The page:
There is a lot to cover since I did my last gender reader at the start of June. In this gender reader: Shiomura Ayaka and the harassment case at the Tokyo Assembly, updates to koseki (family registry) laws, Rokudenashiko, and more.
Shiomura Ayaka and The Tokyo Assembly
Here’s a few links worth reading on sexual harassment in Japan in light of Suzuki Akihiro’s harassment of Shiomura Ayaka. In case you missed it, Suzuki felt it was appropriate to yell at fellow assembly member Shiomura during a presentation on gender policy to “Get married before you say those kind of things!” and “Can’t you have kids?” (「そんなこと言う前に、おまえが早く結婚しないのか！」「子供は産めないのか！」) because he was “concerned” for her “well being.” Sure.
Oyabu Nobuko (大藪順子). “Sexist jeers and infantile old men in the Tokyo Metropolitan Assembly: The Japan that Shimomura Ayaka saw.” (東京都議会のセクハラ野次と幼稚なおっさん達――浦島花子が見た日本.) The Huffington Post Japan. 19 June 2014.
Is the Tokyo Assembly a gathering of elementary-schoolers, heckling someone without listening to her speech to the end? Even if they were children who didn’t know the meaning of sexual harassment, this inexcusable verbal assault happened in a public place, and afterward, everyone is now feigning ignorance about who did it. [This was before Suzuki owned up to it.]
They’re worse than schoolchildren. No, it’s an insult to schoolchildren to say that. To the old man who harassed Shiomura and those who callously laughed at the jeers: please go back to nursery school.
Kitahara Minori. “Considering the ‘apology’ for the assembly heckling: the essence of ‘sexual harassment’ still isn’t understood” 結婚・妊娠ヤジ「謝罪」に思う――「セクハラ」の本質はまだ理解されていない. Asahi Shimbun. 25 June 2014.
Kitahara discusses how “office humor” about sexual harassment actually dilutes the severity of the act and confuses people as to what harassment is. Furthermore, the author states in no uncertain terms that the low birth and marriage rates are directly connected to misogyny. The bluntness of this piece is spectacular.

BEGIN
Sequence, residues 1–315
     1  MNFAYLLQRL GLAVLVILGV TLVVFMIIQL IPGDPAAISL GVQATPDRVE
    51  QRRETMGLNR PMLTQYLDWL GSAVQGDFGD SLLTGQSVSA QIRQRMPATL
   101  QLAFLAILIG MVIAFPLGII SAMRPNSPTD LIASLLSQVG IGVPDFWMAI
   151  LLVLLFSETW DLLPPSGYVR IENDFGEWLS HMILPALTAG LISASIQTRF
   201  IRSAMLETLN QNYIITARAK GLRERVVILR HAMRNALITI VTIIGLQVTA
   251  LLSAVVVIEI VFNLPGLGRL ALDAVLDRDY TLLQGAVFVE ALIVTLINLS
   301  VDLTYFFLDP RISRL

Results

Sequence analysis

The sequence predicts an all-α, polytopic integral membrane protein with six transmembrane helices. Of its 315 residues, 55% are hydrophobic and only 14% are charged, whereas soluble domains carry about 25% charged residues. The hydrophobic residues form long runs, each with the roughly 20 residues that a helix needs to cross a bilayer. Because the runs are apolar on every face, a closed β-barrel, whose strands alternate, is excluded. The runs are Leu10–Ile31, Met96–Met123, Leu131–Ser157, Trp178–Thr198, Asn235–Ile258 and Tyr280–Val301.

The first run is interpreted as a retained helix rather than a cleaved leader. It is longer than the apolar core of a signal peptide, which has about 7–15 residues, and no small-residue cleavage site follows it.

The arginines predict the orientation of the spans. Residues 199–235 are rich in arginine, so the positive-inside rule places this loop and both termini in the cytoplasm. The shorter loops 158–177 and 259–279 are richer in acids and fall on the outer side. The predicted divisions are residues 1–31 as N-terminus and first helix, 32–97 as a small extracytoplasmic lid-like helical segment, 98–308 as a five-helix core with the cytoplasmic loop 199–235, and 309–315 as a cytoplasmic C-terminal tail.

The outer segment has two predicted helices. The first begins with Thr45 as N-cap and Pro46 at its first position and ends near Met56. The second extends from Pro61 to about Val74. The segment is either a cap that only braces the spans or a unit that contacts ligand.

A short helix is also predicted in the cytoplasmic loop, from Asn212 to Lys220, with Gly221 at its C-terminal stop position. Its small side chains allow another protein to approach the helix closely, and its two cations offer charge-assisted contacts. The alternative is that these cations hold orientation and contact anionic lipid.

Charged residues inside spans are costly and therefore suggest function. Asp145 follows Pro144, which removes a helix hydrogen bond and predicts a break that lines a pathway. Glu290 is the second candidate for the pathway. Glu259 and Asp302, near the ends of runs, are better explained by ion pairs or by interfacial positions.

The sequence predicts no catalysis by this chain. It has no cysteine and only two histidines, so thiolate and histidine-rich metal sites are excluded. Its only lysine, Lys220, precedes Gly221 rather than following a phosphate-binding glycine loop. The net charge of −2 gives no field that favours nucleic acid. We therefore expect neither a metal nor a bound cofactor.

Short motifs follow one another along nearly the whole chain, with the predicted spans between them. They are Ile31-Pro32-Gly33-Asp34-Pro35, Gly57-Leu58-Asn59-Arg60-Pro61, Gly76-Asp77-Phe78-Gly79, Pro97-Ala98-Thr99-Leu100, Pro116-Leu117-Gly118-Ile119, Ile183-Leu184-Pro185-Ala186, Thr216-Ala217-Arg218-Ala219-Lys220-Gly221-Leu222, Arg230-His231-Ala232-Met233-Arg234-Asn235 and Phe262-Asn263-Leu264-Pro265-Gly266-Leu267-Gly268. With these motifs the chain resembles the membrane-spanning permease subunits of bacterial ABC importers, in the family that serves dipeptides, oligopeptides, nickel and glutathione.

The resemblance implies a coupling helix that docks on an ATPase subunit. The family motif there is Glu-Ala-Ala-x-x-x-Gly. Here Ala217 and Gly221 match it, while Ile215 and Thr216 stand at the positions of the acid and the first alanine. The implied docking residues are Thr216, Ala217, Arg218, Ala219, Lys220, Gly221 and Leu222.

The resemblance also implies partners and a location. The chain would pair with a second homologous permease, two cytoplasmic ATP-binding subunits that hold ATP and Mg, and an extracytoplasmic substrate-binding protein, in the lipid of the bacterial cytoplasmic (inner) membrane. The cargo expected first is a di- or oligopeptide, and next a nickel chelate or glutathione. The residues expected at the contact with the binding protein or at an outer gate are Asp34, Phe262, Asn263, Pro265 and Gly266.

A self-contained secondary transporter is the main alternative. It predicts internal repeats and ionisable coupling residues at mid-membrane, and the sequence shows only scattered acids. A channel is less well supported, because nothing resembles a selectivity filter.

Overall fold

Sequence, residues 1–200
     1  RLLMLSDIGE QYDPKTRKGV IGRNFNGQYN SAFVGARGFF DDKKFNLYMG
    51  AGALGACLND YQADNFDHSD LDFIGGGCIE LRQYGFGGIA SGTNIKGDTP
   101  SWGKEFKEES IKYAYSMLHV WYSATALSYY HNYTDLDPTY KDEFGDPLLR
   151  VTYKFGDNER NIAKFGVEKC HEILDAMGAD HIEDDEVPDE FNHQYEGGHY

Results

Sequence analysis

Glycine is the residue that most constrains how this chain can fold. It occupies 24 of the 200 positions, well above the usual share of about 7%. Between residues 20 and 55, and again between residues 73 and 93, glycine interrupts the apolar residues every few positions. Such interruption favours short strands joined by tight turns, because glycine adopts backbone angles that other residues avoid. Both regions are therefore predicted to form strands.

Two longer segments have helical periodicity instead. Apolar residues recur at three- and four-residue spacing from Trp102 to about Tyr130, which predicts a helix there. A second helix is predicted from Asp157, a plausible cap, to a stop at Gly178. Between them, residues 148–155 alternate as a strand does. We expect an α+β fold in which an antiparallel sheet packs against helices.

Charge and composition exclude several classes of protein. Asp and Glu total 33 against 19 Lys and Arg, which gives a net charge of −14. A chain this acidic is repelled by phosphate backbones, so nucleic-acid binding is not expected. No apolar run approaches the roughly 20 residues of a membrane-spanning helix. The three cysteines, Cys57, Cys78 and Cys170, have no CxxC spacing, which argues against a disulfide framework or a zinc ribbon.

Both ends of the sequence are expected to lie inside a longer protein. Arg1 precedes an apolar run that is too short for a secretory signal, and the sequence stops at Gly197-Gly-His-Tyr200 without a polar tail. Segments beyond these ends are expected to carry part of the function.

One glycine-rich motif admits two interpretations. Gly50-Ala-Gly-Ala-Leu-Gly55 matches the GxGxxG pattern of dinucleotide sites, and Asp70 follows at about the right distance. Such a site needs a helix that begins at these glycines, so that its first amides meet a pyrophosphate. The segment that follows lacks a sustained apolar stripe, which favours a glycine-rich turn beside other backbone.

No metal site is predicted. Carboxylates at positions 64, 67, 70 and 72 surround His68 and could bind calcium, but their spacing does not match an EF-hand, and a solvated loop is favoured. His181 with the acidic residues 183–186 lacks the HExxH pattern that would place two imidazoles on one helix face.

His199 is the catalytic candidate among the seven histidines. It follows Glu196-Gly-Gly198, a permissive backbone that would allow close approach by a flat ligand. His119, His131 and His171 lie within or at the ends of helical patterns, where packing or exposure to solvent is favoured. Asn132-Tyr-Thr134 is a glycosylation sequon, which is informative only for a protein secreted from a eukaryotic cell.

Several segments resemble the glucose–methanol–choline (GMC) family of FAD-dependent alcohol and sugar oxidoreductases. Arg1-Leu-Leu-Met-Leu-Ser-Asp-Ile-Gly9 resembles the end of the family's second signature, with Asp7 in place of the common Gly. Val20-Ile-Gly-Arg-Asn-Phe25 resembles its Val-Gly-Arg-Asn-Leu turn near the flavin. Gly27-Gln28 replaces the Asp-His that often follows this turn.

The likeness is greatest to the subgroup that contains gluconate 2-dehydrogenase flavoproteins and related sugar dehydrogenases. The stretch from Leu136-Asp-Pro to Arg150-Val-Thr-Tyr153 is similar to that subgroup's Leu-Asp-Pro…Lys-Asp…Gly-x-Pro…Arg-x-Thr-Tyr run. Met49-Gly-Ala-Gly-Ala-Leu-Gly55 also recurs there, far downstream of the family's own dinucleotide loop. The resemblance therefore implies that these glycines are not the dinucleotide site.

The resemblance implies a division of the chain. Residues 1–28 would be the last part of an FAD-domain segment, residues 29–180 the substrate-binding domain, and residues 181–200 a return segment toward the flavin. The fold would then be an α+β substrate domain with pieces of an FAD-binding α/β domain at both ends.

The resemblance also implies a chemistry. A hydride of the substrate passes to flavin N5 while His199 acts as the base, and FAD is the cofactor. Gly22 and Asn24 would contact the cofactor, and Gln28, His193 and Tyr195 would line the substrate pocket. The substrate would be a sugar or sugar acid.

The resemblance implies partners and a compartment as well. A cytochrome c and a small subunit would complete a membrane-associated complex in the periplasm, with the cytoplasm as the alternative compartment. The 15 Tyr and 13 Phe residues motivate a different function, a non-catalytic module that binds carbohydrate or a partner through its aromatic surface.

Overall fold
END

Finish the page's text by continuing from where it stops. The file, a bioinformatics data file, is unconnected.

Angela Erika Kubo. “Sexist jibes at Tokyo Metropolitan Assembly Spark & Ignite Protests.” Japan Subculture Research Center. 20 June 2014.
A good summary of the Assembly incident and the Change.org petition to punish the then-unkown member of the assembly who harrassed Shiomura.
“These sort of taunts fly around and there are assembly members who laugh in an assembly where members who say ‘we’ll promote the social advancement of women!’ or ‘we’ll work firmly toward providing child care support!’ gather,” Shun Otokita, a colleague of Shimomura’s, wrote on his blog. “This is the reality of the Tokyo Metropolitan Assembly in the capital of our country.”
“Tokyo assemblyman admits to sexist taunting; Shiomura says ‘too late.’” The Asahi Shimbun. 23 June 2014.
“The taunts represent the bottom-line feelings of the assemblymen,” said Emmy Suzuki Harris, a 30-year-old representative of change.org’s Japanese version. “Their intention to bury the offense has angered many people.”
Johnny. “Takashi Murakami Responds To Sexist Heckling With Portraits of Ayaka Shiomura.” Spoon & Tamago. 26 June 2014.
Japanese artist Murakami Takashi did a series of portraits of Shiomura in the wake of the harassment incident. They are on display at Bar Zingaro.
Images of Ayaka Shiomura — from her initial speech but also from her press conference — have been appropriated and converted into dot portraits, which have then been overlaid onto Murakami’s signature smily floral patterns.
I’m not sure what to make of the artist’s intent, but if nothing else, giving more exposure to Shiomura’s case through art make make the public more aware of the harassment issue.
Gender and the Law
Sugihara Satomi. “The Musashino, Tokyo Assembly adopts a petition to reform laws about children born to unmarried parents; obligation to check the family registry and birth registration.”「婚外子差別、法改正を」武蔵野市議会が陳情採択 戸籍法、出生届にチェック義務づけ. The Asahi Shimbun. 27 June 2014.
The Musashino Assembly adopted measures to eliminated discriminatory laws against children born to unmarried parents. Last December, the Supreme Court struck down a law that stated that “illegitimate” children were only able to receive half of the inheritance “legitimate” children would get. However, the root of the discrimination is still present in the family registry (koseki) and birth registry system. The author discusses some of the legal reforms thusfar, including the 2004 decision to start listing children born to parents who are not married to each other not as “male” or “female” children associated with one parent but as their family relationship (“oldest son,” “second daughter,” etc.) in the family’s list of children.